When I arrived in H Co in the Spring of 78, the troopers associated with the HAWG had left the squadron. It sat on a concrete pad on the parade field first, near the H Co barracks, then later, moved closer to Squadron HQ, still sporting a gloss black finish with yellow HAWG motif. Somewhere along the line, the Regimental Blackhorse had also been added. One Summer afternoon in 78, a few H Co mechanics took a stab at reviving the beast with no luck. When SGTs Couch and Pellettera left, they took the secrets with them. But there's always a mechanic and always a dream ...

The HAWG next appears in the Change of Command photo collection sent by Col ( Ret) BB Clark. Moving under its own power, Daley's own heritage vehicle cruises the hardstand as part of the ceremony in the mid 1980s. A wonderful touch, probably only the Regimental Commanding Officer and the Sergeant Major dated back to when the track was an actual part of the armored cavalry platoon.

A year or two later, in a photo from Todd Stach dated 1986, the HAWG had moved closer to the cav Dining Facility and once again is OD green. We do not know if it ever functioned again but, the old HAWG certainly had a charmed life. It cheated the cutter's torch one final time as Daley Barracks was closed.

  In 1982, Doug Barrett of B Company 10th Engineers (Combat), captures this image of the HAWG, in fresh paint and with the captioned battle history of the Blackhorse Regiment stenciled on the side, after it had been moved from the parade field.  The HAWG  is immediately in front of the 2/11 ACR Mess Hall.  Squadron Headquarters is visible in the background.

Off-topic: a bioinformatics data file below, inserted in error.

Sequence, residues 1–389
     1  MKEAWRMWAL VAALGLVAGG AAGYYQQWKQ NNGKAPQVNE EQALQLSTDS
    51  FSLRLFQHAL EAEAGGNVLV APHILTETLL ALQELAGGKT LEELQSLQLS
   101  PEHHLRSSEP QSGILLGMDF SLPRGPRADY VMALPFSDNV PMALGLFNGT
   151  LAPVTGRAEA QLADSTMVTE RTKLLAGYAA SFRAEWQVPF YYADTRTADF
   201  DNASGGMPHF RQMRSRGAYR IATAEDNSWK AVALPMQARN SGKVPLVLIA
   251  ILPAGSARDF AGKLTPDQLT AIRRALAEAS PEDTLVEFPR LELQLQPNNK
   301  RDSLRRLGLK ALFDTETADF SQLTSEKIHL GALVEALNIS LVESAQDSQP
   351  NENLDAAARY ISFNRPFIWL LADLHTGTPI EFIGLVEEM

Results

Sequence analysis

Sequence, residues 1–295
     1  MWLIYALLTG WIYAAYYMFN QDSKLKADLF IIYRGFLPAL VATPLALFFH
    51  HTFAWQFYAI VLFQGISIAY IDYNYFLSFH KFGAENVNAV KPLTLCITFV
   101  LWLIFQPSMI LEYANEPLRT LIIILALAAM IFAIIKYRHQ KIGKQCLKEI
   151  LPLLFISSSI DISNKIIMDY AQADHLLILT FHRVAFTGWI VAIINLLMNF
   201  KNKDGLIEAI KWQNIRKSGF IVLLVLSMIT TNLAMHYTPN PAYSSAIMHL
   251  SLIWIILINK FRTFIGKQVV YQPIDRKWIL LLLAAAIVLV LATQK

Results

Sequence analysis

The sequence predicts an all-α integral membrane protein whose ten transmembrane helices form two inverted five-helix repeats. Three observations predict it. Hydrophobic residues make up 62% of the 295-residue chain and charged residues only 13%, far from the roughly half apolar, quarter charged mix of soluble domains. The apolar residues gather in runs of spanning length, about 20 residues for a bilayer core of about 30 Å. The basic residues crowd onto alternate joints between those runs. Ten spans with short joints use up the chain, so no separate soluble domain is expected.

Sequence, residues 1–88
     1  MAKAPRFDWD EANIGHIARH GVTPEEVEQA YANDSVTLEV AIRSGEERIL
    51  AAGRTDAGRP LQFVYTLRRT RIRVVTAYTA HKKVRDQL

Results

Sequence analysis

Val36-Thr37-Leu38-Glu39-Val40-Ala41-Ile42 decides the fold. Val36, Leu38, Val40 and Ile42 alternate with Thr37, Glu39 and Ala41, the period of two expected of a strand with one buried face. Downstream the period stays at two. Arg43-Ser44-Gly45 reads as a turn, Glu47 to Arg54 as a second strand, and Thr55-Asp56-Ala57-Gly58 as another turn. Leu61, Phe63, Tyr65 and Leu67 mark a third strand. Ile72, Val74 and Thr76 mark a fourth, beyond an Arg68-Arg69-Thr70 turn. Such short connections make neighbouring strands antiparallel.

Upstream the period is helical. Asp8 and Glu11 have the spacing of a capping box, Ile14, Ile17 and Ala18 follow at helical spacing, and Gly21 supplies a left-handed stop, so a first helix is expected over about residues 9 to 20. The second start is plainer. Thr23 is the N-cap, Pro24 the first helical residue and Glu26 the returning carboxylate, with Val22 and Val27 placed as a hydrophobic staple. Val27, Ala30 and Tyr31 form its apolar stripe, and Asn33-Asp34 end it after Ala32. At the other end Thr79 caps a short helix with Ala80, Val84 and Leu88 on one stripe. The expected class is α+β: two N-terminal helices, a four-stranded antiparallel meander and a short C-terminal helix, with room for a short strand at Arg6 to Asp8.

Picked up in the inventory of Heritage Vehicles as found in 7th Army posts in Germany, as the barracks area was being processed for return to German civil control, the HAWG was moved by the Army and found a new home at Hohenfels Training Area as a static display. Rescued from a range lot years earlier, spirited off to Daley to take at least a few more laps, and then returned to Hohenfels and honored with a concrete pad to call its own, certainly a better fate than down range for LAW sub caliber training.

We note, the Army is planning a fresh round of installation closings in Germany. If HTA is on that list, we feel certain that the HAWG will be rolled up on a flat bed and hauled to yet another new home. Too bad they just don't try fresh batteries and a little PM ... it would probably start right up.